In a major study on conciliation, the Australian Dispute Resolution Advisory Council (ADRAC) is finding that conciliators make up one of the largest, quietest and most diverse groups of dispute resolution practitioners in Australia.
ADRAC’s work was initially focused on resolving longstanding concerns about the definitions of conciliation. Traditionally, conciliation is considered to be a species of evaluative mediation conducted by a person attached to a court or tribunal but ADRAC has found that (i) some legislative provisions for conciliation do not conform to that description; and (ii) the essential characteristics of conciliation are more elusive than describing the process as ‘evaluative’.
During its work, however, ADRAC has uncovered unexpected and interesting features of ADR processes described as conciliation in various laws. ADRAC is undertaking a comprehensive review of ADR processes under State and Commonwealth laws that are called conciliation.
The use of the term ‘conciliation’ is basic in the law of Australia. It is used to express part of the allocation of power to the Commonwealth in s 51 xxxv of the constitution which provides that:
“The Parliament shall, subject to this Constitution, have power to make laws for the peace, order, and good government of the Commonwealth with respect to…conciliation and arbitration for the prevention and settlement of industrial disputes extending beyond the limits of any one State.”
From the commencement of industrial law since federation, conciliation played a major role in industrial management. ADRAC however is finding that in one form or another, in a much larger range of topics than industrial disputes, Australian parliaments (both State and Commonwealth) make statutory provision for dispute resolution processes frequently described as conciliation. Conciliation has been applied with great frequency to areas of dispute or social disharmony that parliaments are sufficiently concerned about to legislate for a system of resolution and policies that apply to conciliated resolution.
Such considerations are also leading to consideration of what might be meant by the expression ‘private conciliation’ and whether conciliation might exist in privately regulated dispute as in sport, churches or other institutional rule-making settings.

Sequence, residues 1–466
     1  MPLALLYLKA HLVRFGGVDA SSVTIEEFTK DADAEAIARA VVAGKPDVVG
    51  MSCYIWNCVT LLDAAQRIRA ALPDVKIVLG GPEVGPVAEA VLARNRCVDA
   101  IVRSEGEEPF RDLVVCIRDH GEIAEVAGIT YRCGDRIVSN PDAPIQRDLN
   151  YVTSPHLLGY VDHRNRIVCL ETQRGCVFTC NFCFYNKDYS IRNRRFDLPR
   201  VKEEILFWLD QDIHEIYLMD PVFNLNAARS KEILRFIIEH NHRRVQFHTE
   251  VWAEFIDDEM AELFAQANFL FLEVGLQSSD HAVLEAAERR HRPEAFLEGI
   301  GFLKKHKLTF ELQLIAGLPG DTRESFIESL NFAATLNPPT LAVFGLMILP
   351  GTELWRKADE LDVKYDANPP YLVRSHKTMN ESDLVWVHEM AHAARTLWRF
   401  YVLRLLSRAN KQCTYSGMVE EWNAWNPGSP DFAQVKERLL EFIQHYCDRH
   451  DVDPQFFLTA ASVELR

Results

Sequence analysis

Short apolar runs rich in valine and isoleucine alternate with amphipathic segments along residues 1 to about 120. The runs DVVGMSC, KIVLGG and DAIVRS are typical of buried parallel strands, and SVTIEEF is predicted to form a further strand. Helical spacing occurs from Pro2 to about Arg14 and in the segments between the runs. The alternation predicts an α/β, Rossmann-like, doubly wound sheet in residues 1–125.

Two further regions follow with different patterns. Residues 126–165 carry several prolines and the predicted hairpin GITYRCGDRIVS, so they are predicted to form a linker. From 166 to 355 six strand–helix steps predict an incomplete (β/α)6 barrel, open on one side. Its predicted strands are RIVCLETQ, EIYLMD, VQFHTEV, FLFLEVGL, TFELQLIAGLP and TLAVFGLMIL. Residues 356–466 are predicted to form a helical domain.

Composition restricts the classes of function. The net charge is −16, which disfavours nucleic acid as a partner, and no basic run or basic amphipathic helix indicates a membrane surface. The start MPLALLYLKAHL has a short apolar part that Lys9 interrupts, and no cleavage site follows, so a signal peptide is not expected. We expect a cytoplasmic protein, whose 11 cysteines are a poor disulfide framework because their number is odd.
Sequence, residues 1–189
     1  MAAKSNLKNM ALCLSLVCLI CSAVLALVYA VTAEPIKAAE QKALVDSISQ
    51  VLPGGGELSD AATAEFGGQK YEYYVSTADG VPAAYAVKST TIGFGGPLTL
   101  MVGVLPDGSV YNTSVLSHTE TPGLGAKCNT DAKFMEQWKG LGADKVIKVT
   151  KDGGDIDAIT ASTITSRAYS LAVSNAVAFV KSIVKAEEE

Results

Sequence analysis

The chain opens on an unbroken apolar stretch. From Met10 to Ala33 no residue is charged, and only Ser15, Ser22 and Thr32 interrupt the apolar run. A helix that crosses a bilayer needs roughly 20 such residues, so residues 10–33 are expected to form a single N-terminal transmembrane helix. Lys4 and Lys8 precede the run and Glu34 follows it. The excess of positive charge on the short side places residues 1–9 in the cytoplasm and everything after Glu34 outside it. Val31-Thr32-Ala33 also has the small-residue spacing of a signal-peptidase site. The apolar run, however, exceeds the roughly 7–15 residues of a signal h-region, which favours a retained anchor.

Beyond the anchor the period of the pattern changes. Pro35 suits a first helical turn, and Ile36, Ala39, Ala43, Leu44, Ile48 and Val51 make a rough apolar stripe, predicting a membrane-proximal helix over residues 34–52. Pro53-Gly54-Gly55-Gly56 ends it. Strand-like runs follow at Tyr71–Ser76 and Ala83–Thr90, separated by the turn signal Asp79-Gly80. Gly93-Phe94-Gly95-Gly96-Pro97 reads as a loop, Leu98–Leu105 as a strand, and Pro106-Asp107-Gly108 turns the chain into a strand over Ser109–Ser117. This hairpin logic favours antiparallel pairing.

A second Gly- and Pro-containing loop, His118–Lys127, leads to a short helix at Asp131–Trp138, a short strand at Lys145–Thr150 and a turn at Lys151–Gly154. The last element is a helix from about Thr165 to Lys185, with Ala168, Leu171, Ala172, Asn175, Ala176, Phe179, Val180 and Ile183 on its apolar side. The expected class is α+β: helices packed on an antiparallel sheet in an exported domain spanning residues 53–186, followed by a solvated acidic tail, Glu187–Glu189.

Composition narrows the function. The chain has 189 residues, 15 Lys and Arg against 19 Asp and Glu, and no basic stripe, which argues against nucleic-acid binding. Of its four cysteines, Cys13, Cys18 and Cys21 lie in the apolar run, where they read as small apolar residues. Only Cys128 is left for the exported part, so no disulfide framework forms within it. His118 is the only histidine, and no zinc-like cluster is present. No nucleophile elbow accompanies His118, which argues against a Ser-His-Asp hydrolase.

ADRAC’s work is being conducted in stages. It has conducted a literature review and meetings with conciliators. It is examining institutional websites of statutory entities using conciliation. It will conduct surveys, issue a discussion paper and publish its findings.
Three interesting points have emerged. The first is the large scale of the conciliation field. Across the various fields of conciliation, very large numbers of conciliators manage and resolve vast numbers of disputes. The second is the apparent disparate processes styled as ‘conciliation’ under a wide range of laws dealing with a wide range of disputes (family, industrial, human rights, discrimination, compensation etc.). The third is the influence of normative principles or values (often found in the statutory frameworks applying to so-called conciliation processes) upon the process itself and the outcomes arising from it.
ADRAC calls for submissions
ADRAC seeks comment, submissions, case studies, analyses of conciliation and even useful anecdotes or examples, that may assist is identifying and crystallising the essential characteristics of Conciliation. ADRAC invites visits to its website www.ADRAC.org.au, through which submissions and other material may be emailed.
Written by Jeremy Gormly.
Jeremy Gormly SC practices at the Sydney Bar, and has a long history of involvement as counsel assisting in numerous inquests and inquiries. Jeremy has also practiced as a mediator for over 20 years across a large number of dispute types, and is keenly involved in the advance of ADR. He is the current chair of ADRAC and the former chair of the National Alternative Dispute Resolution Advisory Council (NADRAC).